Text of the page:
Eden of the East depicts paradigms shifting in the context of economic structure in consecutive generations. In its heart, Eden of the East is a tale of social uprising. The youth is hungry to make something out of them in a world where they are not given any place, even though your work is a nationwide phenomenon, but making it into business proves burdensome. 12 individuals are given smartphones equipped with some sort of AI that could do possibly anything and a budget of 10 Bn yen ($100 Mn) and all they were asked to do was to save the world. Yup! Save the world. Takizawa Akira is the main driving force in terms of character in this anime.
Kenji Kamiyama, creator and director of the series, is well known for his work with the Ghost in the Shell complex series but not this time. It seems that he had lots of ideas that he wanted to work with but he ultimately failed at bringing all of these things together in one cohesive environment. As a result, he ends up with a really interesting plot alongside boring ones.
Along with the stark naked characters, we as viewers are left thinking about how much better the anime would be if it was just reworked a little.
The way this story is framed in a weirdly surrealistic way is what makes it implacably real. The cool concepts and social economics add to provide a real blast.
The beginning presents a proper episodic structure with one streamline narrative but when the storyline starts to wrap in a death game plot, it gets way more complicated than it ever needed to be and as a result makes an end without any sense.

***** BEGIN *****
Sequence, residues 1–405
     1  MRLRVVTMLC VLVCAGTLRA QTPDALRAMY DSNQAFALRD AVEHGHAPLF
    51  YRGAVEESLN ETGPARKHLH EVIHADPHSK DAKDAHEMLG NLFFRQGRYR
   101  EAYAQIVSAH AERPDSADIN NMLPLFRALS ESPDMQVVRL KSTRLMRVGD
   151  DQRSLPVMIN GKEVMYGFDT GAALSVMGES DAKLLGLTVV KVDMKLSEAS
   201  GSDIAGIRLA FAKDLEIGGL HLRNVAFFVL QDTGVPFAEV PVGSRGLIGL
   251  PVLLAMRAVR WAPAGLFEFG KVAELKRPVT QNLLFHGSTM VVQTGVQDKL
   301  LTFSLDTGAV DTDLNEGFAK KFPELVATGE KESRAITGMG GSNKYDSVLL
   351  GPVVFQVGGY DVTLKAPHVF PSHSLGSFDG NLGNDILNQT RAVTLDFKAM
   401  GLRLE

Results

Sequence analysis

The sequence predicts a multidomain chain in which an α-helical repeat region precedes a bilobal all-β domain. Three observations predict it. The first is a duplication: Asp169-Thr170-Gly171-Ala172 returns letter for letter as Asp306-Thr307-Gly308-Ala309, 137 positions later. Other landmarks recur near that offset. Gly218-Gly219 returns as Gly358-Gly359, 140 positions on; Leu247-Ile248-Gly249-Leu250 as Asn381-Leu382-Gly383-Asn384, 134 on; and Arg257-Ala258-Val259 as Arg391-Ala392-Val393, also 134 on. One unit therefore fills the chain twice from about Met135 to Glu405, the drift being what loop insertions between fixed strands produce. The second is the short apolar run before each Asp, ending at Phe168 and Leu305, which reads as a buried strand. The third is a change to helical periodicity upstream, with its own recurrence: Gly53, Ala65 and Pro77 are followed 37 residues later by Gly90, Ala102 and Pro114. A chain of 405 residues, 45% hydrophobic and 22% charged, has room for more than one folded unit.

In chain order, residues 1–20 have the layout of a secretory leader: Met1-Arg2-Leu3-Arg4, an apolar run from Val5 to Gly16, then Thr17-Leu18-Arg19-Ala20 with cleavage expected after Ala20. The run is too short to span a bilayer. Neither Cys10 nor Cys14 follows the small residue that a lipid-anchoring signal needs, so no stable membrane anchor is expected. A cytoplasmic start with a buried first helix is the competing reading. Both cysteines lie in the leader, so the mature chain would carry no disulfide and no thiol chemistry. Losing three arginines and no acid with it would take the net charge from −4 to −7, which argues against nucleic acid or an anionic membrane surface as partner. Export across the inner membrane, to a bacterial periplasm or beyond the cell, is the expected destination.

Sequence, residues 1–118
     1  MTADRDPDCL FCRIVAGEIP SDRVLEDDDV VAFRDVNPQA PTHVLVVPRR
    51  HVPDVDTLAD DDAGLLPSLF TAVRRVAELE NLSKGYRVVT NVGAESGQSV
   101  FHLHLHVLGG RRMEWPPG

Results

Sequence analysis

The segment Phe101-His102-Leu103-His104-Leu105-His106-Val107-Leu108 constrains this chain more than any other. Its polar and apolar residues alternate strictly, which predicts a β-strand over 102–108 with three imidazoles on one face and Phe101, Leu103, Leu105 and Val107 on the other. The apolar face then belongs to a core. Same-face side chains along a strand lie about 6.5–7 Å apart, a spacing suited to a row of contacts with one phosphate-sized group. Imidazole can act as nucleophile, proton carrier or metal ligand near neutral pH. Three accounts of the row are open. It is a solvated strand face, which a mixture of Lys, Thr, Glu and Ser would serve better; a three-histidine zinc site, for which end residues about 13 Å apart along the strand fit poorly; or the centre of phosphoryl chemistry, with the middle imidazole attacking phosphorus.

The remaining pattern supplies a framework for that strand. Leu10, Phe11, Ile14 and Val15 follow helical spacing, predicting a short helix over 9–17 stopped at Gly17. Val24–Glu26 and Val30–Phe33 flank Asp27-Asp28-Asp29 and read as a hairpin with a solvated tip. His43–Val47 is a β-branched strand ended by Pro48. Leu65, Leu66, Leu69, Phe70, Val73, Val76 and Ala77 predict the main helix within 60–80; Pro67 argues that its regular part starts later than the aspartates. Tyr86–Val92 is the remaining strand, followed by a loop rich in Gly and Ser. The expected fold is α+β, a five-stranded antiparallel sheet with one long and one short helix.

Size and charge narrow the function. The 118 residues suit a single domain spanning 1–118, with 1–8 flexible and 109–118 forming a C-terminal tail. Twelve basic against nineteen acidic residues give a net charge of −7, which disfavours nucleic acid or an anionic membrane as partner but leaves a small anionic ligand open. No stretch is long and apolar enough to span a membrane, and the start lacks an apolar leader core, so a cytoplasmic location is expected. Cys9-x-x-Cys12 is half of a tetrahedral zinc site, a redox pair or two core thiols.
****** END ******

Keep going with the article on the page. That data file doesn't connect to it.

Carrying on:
The 12 different characters, all having different ideas of how to go about it and standing in exact opposition with one another was a great idea. Rather the creator decided not to provide the required screen time and putting Takizawa at the core of everything. When they do get the screen time they are presented either figuring out what other characters are trying to do with very little information or sitting around. Always the spontaneous actions of Takizawa ultimately solve the mystery and advance the plot rendering the actions of the Eden group completely meaningful less.
As viewers, we are bound to enjoy the senses that are driven by Takizawa’s impulsive actions and the surreal events that surround him. Moreover, it manages to sprinkle a social theme by showing us Saki’s problem and the whole economic gestures.
Some reworking and pre-planning might have turned Eden of the East into a masterpiece.
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